Dealing With The 'Necessary'
A collection of doll-sized outfits hung drying from the rod over the shower the other morning. There were, among others, several pale pink dresses, a pair of blue jean overalls, and a pullover pajama top.
Mama had been cleaning out some of the little one's old outfits in preparation for an upcoming sale. There's no need to hang onto size twos any longer at the Chapman home. The girl who once had a single group of strands of blonde hair and toddled about is now ten.
The wife had just moments before warned me before I made the trip down the hall and laid eyes on them that I would be sad.
She hadn't actually told me what would make me sad with her warning, what I would see. But, rather, as I paused there just inside the door, gazing on the freshly washed clothes, there were no moans of depressed air exhaling from me, but a brief “ha,” (as in a slight laugh) instead. Seeing the collection had stirred up memories.
Life is a fast track. We look down when we're involved in the daily run and rarely pause to reflect on just how far we've come, much less think about what lies around the bend.
It is the moment, that which is urgent and demands attention is what seems to matter the most-from the time we had to do everything for our children, to watching as their single-word sentences begin to run on and on, and then they're off to school where a parent's left to wonder exactly what they're doing all day.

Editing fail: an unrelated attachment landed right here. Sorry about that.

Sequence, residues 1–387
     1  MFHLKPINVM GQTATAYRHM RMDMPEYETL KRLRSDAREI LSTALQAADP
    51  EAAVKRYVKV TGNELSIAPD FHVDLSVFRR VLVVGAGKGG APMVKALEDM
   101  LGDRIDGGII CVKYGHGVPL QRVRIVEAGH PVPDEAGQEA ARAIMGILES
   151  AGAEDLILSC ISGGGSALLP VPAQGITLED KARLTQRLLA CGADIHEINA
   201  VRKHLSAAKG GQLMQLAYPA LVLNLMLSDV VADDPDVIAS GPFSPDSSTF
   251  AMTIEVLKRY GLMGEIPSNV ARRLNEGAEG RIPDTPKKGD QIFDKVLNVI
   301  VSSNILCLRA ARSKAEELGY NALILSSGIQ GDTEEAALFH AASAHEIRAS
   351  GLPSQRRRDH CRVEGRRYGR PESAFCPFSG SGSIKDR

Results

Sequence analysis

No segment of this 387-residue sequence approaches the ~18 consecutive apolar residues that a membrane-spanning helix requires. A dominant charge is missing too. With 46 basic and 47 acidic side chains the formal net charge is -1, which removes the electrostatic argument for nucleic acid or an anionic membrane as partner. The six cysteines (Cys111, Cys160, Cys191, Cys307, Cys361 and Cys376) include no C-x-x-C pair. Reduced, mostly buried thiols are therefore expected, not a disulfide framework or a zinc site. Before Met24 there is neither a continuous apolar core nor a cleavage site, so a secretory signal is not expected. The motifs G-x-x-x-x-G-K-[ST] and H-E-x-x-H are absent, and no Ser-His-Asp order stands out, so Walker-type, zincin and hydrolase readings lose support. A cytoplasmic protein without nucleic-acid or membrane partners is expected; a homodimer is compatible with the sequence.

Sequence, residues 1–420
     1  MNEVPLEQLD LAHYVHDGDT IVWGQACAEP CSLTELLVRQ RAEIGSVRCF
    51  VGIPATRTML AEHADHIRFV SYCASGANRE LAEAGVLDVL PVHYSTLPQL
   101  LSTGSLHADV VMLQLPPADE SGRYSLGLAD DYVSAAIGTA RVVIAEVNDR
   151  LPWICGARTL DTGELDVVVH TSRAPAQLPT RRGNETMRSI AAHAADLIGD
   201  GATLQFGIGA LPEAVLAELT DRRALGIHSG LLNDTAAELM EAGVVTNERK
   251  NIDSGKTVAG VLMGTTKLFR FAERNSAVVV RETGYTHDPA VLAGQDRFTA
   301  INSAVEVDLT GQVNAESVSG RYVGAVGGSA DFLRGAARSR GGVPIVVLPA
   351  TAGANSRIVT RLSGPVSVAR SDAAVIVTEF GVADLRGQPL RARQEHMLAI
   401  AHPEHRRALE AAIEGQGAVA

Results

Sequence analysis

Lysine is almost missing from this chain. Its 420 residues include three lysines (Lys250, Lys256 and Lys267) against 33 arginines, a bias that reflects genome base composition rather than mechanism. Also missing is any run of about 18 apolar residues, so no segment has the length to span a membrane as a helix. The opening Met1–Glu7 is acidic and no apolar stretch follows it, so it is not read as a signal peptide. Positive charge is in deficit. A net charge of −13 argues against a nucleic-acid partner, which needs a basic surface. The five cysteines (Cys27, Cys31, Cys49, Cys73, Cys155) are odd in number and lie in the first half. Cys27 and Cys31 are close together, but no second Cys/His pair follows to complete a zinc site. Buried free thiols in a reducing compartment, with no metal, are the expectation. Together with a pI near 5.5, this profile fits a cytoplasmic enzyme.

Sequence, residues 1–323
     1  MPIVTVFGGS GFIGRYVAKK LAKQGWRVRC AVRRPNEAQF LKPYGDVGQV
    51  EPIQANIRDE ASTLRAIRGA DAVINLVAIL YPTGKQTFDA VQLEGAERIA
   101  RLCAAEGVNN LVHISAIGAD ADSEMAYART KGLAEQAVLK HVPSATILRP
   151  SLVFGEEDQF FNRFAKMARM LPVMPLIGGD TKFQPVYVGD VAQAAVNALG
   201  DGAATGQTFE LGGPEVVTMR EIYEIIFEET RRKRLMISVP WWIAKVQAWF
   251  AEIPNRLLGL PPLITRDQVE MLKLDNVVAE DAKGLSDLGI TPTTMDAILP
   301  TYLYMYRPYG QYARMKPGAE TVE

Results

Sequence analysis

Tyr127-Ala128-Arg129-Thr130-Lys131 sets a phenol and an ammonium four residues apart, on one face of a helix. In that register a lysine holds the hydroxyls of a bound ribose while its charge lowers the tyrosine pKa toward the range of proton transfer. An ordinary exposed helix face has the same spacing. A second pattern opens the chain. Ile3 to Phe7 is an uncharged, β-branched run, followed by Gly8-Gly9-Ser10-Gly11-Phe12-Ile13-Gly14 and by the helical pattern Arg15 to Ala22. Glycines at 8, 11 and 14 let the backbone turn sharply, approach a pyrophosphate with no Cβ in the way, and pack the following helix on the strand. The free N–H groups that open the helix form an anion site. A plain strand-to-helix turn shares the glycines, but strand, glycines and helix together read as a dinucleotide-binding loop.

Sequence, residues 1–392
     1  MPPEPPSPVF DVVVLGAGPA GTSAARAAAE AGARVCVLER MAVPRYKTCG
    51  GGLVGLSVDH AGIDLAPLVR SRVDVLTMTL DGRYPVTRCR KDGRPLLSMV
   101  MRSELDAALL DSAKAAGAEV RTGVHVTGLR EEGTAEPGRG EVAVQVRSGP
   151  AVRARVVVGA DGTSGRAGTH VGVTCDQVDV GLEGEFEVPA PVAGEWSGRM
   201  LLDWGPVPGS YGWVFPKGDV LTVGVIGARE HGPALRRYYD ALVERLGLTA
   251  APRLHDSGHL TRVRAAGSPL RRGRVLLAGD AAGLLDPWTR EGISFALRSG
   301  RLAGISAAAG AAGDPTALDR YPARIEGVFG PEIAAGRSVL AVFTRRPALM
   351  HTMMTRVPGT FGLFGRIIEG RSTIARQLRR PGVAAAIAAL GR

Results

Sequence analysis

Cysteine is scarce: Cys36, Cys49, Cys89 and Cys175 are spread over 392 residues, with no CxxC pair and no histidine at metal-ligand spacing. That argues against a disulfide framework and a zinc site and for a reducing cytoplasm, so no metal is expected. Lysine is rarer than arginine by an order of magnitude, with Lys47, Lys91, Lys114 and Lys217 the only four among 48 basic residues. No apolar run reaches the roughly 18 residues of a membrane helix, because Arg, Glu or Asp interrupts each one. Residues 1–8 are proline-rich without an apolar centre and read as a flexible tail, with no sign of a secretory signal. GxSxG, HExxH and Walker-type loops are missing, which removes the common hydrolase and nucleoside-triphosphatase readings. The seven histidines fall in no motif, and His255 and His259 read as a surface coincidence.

It's all part of the journey that we need to reflect on and appreciate.
It's easy to fall into a wretched daily-living pattern-get them up and ready to go to school, deal with drama of the day, the homework and all the rest of the necessary preparation for the next day's set of hurdles before bedtime.
Then rewind and do it all over again.
Before we know it, another school year is done, and we're left to wonder, did we spend enough time with our child or had we done enough as parents or even spoiled them a bit too much?
Yes, I know, one day those tiny little outfits will be replaced by a prom dress with high heels and the ringing phone will no longer just be her friends calling to talk about animals or stories or games or homework assignments.
When she will no longer run back down the driveway to give her dad another hug before getting on the school bus or ask if she can ask me a question.
Snapshots in time.
Tidbits of life to treasure, and all part of a daily journey.
So, let's all pause, look up and enjoy the moment, the daily routine of the “necessary.”
Even in the “necessary”-that which must be done-there is much to appreciate.